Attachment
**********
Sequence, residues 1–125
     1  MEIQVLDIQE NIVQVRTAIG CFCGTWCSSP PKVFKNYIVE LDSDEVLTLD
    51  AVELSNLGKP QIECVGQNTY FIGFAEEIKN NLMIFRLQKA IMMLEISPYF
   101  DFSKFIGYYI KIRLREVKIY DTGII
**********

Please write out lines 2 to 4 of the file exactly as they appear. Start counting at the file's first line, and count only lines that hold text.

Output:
     1  MEIQVLDIQE NIVQVRTAIG CFCGTWCSSP PKVFKNYIVE LDSDEVLTLD
    51  AVELSNLGKP QIECVGQNTY FIGFAEEIKN NLMIFRLQKA IMMLEISPYF
   101  DFSKFIGYYI KIRLREVKIY DTGII